Judaism and Christianity, often to the horror of their proponents, are and always were subversive sets of beliefs. The quote I open with below is but one of many that can be found in the Bible. And this set of writings, no matter how desperately abused, has had a powerful effect upon our history.
Continued from last week…
Chapter 5: The Subversive Seed
That which is highly esteemed among men is abomination in the sight of God. – Jesus
I had no intention of writing about Jesus in this book. This was not because of any disregard I have for the man – I just didn't see how he played much of a role in this story. But as the text took shape, he kept appearing. Before long, I understood that he was a major figure in my analysis. I couldn't keep him out and still write an honest book.
None of this has anything to do with Jesus actually being the son of God (or not). I am not dealing with beliefs here; I am concerned with the recorded teachings of Jesus and the effects they had upon the Western world. If the story of Jesus were nothing but a fable, it would make no difference at all in this analysis.
The Western civilization that follows Jesus is unique. It has gone through several rises and falls, yet it has never failed altogether. This is something that Professor Quigley noted 50 years ago and that puzzled him. Why is it that this one civilization keeps resurrecting itself? I never worked on the question very directly, but it did remain in the back of my mind. Then, piece by piece, an answer began to form, and its threads kept leading back to Jesus.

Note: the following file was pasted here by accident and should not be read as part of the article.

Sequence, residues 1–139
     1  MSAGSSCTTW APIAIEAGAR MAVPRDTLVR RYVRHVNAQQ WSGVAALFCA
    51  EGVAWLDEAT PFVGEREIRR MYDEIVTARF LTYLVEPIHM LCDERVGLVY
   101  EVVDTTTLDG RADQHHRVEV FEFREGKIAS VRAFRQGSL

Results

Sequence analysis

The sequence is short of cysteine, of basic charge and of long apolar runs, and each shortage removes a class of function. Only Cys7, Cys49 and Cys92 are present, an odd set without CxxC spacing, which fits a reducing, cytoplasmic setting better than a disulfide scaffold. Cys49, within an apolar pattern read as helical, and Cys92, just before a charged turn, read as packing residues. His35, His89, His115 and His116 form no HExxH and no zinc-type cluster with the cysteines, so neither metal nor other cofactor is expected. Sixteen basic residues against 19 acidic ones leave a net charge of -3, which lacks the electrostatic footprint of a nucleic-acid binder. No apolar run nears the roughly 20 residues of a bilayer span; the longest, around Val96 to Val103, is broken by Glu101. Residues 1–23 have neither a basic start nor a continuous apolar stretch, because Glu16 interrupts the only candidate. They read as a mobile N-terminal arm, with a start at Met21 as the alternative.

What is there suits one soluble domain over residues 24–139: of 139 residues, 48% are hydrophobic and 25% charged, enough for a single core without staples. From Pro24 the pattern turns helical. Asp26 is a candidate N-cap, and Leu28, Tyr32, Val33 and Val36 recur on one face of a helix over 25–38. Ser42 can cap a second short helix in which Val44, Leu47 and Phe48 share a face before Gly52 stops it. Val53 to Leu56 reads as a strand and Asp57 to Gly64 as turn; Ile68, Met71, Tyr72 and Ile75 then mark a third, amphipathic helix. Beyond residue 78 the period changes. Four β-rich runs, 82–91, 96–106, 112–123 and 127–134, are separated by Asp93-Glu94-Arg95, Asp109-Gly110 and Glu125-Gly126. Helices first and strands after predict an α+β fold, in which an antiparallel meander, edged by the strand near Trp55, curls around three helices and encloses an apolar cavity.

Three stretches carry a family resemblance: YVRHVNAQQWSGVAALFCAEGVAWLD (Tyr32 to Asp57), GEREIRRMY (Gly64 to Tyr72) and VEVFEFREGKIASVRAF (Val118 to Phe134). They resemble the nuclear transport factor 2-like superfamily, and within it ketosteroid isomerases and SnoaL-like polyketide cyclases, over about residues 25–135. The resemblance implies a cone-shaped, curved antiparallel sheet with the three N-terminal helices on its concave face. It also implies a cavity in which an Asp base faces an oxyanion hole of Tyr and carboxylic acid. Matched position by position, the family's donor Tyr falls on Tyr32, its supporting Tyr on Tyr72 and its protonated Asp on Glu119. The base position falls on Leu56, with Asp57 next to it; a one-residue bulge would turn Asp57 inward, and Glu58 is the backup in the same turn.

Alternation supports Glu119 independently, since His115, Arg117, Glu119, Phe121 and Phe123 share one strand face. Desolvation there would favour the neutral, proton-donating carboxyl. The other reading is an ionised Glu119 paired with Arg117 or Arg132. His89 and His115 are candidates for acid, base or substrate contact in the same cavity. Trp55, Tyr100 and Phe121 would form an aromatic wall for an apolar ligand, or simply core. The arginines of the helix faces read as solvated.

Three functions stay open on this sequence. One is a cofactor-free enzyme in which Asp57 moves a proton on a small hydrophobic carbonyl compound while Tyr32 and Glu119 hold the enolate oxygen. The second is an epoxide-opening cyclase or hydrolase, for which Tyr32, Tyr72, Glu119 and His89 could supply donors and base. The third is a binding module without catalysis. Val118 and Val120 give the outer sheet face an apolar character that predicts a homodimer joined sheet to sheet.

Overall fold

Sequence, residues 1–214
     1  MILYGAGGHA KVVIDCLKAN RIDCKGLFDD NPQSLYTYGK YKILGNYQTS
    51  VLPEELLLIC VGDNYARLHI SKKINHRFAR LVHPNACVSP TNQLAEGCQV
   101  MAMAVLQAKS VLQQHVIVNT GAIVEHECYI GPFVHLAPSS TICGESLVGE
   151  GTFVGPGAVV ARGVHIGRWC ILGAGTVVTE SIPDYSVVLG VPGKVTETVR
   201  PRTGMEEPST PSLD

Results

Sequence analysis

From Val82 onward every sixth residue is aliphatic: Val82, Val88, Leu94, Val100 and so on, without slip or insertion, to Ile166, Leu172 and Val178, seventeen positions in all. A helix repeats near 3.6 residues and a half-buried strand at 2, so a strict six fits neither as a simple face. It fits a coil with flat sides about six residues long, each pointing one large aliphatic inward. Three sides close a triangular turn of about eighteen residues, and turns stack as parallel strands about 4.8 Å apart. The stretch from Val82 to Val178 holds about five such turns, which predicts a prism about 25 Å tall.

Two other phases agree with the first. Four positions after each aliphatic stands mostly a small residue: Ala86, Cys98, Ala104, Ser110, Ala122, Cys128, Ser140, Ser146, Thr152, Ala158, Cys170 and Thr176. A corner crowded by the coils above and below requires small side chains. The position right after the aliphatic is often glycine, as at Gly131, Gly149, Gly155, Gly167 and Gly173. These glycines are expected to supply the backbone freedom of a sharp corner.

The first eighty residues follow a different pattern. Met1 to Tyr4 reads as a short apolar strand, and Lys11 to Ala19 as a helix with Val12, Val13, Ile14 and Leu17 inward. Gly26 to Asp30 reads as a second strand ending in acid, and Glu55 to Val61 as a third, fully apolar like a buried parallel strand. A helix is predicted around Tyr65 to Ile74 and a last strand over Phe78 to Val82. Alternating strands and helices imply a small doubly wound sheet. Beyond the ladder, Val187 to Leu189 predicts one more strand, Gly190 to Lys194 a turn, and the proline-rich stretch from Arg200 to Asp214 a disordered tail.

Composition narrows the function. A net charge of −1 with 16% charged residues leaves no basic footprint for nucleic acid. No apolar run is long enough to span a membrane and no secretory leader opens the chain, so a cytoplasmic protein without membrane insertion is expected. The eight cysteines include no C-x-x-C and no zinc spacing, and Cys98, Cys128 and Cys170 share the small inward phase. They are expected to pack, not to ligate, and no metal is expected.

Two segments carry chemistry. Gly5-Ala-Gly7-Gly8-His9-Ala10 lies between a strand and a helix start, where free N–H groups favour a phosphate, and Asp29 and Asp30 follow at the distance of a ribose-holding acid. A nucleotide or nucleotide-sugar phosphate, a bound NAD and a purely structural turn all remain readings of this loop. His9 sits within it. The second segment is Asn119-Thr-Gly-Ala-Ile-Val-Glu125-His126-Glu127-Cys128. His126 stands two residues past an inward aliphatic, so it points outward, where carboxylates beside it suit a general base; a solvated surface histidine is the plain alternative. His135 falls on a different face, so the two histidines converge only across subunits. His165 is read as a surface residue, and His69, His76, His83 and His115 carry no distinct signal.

So be it.
Jesus' teachings enter history in a very interesting spot. The place is the Roman Empire, where communication and travel are approaching a peak that was not re-attained for nearly two thousand years1. Literacy is very high by pre-modern standards. In the province when Jesus arises, literacy is fairly high and the inhabitants have their minds unusually open to ideas2. The moment is just after the Roman Republic has been replaced by the Empire. The first emperor is in place, and all the seeds of Rome's demise have been sown.
Jesus seems to have been a fairly secretive man, and one who even his closest students never understood. Jesus, himself, wrote nothing that we are aware of. Yet within ten years of his death3, his followers begin to spread far and wide, and to convince foreigners with their message. Within 40 years of his death, the vast majority of his now-many followers were forcibly removed from both the city of Rome (49 A.D.) and from their center in Jerusalem (66 A.D.) They spread Jesus' teachings "below the radar" – in towns, in the countryside, and in the mundane areas of cities. There were few restrictions on their travels and the Empire was a surprisingly open place to new religious ideas. Pagans did not seek to destroy other religions; rather, they allowed them. They did not think their gods had to be the only gods.